• Mandatory reporting of containers lost at sea: WSC is a co-sponsor of a submission to IMO’s Maritime Safety Committee (MSC) 102 by the European Union with a proposal for a new output on the mandatory reporting of containers lost at sea. The liner shipping industry supports such a mandatory reporting requirement and will continue to advocate for an early implementation of an effective and practical requirement.
  • Revision of the IMO’s guidelines for the inspection programs for cargo transport units, including containers: CCC 6 agreed, in principle, to amend the IMO guidelines for inspection programs in order to: 1) further clarify that the selection criteria should be applied equally to CTUs carrying all types of cargoes, rather than being specifically applied on those declared to be carrying dangerous goods; 2) to adequately refer to the IMO/ILO/UNECE Code of Practice for Packing of Cargo Transport Units (CTU Code); and 3) to cover the reports from non-governmental organizations. A drafting group and subsequently a correspondence group have been reviewing the current guidelines, but further work is required before new revised guidelines may be adopted by the Sub-Committee. WSC has been a participant on both groups.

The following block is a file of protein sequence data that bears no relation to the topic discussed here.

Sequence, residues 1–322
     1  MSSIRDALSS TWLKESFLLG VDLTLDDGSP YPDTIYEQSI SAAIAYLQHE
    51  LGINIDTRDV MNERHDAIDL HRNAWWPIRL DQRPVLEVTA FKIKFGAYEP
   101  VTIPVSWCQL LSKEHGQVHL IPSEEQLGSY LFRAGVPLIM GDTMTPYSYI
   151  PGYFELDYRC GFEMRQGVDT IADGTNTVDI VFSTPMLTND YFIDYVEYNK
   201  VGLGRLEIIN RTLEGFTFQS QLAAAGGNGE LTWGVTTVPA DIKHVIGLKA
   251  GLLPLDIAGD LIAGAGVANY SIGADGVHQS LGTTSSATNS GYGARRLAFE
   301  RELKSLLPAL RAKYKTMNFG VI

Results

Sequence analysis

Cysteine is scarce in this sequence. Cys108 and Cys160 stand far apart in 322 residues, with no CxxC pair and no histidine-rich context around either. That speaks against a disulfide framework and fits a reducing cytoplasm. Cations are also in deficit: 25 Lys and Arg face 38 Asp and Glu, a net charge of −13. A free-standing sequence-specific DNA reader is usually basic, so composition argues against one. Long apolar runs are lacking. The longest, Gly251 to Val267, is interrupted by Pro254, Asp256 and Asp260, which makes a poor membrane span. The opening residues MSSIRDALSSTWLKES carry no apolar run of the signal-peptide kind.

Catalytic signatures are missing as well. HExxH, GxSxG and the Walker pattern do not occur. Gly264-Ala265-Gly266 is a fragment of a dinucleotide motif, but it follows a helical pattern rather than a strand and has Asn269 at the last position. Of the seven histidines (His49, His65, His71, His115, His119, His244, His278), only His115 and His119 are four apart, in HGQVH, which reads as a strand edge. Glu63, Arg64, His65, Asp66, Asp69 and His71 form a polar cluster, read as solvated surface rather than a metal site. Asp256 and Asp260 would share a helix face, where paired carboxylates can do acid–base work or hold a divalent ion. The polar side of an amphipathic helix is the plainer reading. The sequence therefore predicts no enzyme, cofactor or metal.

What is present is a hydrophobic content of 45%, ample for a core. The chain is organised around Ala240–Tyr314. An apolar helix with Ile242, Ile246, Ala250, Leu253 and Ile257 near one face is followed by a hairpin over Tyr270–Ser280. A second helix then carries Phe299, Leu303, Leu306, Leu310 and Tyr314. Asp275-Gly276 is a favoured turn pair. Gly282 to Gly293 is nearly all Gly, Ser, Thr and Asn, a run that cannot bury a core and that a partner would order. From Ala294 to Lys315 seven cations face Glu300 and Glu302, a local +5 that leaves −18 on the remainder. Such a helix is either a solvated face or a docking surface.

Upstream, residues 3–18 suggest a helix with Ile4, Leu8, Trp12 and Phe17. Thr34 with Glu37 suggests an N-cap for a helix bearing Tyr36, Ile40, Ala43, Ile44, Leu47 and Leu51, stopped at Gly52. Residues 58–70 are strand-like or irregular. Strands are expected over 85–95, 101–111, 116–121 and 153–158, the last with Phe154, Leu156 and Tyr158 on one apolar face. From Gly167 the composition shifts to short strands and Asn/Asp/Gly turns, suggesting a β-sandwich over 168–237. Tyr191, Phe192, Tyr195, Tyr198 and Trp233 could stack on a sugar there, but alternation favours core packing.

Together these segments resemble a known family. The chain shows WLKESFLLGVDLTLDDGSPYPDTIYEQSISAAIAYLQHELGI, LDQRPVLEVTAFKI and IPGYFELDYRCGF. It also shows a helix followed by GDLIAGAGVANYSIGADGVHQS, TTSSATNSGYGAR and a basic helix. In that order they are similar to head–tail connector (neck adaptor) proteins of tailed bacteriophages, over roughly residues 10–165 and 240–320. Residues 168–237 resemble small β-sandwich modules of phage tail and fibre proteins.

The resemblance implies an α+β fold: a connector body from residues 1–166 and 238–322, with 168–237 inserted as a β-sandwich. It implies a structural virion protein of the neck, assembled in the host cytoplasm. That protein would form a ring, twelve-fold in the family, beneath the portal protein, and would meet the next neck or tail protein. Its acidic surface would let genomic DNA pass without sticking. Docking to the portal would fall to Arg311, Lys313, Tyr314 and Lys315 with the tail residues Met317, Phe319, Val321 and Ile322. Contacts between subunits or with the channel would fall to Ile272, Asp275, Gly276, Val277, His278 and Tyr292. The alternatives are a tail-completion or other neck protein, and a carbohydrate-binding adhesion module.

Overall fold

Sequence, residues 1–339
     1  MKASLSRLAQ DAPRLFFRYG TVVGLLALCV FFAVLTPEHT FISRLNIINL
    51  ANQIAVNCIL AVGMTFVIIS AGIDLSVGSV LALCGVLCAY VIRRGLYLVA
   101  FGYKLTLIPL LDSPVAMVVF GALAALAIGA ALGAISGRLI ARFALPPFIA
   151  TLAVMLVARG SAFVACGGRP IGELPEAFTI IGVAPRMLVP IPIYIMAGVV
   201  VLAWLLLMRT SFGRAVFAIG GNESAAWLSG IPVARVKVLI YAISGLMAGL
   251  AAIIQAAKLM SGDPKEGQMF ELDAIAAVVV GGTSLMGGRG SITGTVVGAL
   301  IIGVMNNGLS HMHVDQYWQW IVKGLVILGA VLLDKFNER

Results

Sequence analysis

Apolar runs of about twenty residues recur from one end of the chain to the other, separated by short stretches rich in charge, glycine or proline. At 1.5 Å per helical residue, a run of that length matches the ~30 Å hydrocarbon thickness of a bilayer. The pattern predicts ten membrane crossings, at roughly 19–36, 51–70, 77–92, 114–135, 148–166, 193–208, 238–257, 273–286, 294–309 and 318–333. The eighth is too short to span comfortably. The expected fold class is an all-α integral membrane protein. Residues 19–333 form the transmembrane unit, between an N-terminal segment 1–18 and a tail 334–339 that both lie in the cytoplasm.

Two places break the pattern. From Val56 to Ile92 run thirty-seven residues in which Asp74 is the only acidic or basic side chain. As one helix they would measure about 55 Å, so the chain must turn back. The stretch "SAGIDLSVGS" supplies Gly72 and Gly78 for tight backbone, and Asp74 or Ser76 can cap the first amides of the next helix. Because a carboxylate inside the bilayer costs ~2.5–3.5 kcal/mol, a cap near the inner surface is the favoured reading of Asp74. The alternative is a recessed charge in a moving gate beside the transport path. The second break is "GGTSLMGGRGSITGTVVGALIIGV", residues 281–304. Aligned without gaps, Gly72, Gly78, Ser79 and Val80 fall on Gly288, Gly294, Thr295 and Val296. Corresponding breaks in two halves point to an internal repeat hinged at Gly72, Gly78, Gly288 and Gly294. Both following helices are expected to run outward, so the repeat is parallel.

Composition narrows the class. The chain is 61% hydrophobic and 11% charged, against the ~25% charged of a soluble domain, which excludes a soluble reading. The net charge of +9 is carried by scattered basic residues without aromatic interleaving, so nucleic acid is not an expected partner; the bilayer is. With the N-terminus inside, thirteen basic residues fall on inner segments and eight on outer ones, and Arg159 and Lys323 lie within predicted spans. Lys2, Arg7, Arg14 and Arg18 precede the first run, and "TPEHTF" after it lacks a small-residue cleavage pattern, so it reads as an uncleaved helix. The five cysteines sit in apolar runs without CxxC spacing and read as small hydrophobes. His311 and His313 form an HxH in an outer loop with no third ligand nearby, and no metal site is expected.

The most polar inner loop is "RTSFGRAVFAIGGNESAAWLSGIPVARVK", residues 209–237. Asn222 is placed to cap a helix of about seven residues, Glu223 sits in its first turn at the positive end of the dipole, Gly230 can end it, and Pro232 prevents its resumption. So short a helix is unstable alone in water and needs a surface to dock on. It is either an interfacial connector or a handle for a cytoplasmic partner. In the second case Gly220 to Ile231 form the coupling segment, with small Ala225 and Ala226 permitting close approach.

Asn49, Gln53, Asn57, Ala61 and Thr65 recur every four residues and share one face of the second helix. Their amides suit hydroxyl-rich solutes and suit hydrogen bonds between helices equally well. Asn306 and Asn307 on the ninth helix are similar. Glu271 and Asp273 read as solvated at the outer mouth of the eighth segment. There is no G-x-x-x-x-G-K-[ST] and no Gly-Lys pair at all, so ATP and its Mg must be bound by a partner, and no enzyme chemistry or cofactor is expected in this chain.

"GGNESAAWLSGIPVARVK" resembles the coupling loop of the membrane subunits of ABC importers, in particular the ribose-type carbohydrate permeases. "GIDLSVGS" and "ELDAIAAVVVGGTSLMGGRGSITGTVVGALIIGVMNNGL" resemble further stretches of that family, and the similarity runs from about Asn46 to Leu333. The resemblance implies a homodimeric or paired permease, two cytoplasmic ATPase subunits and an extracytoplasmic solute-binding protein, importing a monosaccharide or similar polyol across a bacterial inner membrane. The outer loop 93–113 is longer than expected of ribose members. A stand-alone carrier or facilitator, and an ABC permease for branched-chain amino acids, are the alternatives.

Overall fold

There are over 6,000 containerships continuously operating on the world’s seas and waterways linking continents and providing vital supplies to communities around the globe. The liner shipping industry’s goal remains to keep the loss of containers carried on those ships as close to zero as possible. Carriers will continue to explore and implement preventive and realistic measures to make that happen and welcome continued cooperation from governments and other stakeholders to accomplish this goal.

Source: World Shipping Council